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Why should a company localize its products and services? There is plenty of evidence that offerings adapted to local language, requirements, and tastes are much more successful:
- 56.2 percent of consumers say that the ability to obtain information in their own language is more important than price. (Common Sense Advisory, Can't Read, Won't Buy: Why Language Matters on Global Websites, 2014)
- 74 percent of multinational enterprises believe it is either important or most important to achieve increased revenues from global operations. (California State University at Chico, 2007)
- 65 percent of multinational enterprises believe localization is either important or very important for achieving higher company revenues. (California State University at Chico, 2007)
- 71 percent of North American executives expect revenues from foreign operations, sales and/or imports to increase. (Chubb, 2008, Multinational Risk Survey)
- 95 percent of Chinese online consumers indicate greater comfort level with websites in their language. (Forrester Research, Translation and Localization of Retail Web Sites, 2009)
- A critical success factor for cross-border merger and acquisition deals is the ability to communicate information clearly and accurately in multiple languages. (Merrill Corporation, How to do Better Multinational M&A Deals, 2008)
Tips for optimizing localization
- Ensure high quality source content with messages that can be adapted for international markets. Avoid messages that are word-crafted purely for the domestic market, especially using slang and colloquialisms. Writing simple, active-voice sentences works best.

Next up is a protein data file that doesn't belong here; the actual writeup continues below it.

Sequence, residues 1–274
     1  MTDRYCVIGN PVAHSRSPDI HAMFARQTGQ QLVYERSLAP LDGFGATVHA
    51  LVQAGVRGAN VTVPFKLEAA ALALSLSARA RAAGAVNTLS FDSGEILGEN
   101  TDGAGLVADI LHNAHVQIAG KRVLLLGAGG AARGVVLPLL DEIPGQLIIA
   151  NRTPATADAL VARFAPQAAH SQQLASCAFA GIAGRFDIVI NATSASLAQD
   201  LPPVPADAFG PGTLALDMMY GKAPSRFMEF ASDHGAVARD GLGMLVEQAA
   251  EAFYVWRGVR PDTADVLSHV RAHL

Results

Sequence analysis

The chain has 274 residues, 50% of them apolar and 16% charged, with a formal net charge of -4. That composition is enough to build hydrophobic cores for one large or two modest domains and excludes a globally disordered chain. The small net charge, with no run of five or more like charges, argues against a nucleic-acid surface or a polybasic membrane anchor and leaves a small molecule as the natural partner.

- Do not assume that your own local market characteristics apply globally. History, culture, taste, propriety, and language usage vary greatly across the world.
- Ensure your design concept is internationalized. Whether content is displayed in a software interface, on a website, or in print, the product design must make allowances for the target market requirements. This applies equally to product design, packaging, promotion, documentation, and more.
- Make sure your design accommodates displaying characters beyond your alphabet (such as diacritical markets and non-Western letters), as well as double-byte languages. Allow room for text to expand (as is typical when translating from English into most European languages for instance) or contract (as can happen when translating into many Asian languages).
- Think about localization as much as possible during the development of the original content. Consistency and conciseness in the original mean faster localization, less cost, and greater potential for reuse.
Once you begin the localization process, avoid making changes to the source material. Changes to either the design or content ripple through the localization process in every language, causing delays and increased cost. A single word change in your source can mean many, many changes to cover all the target languages.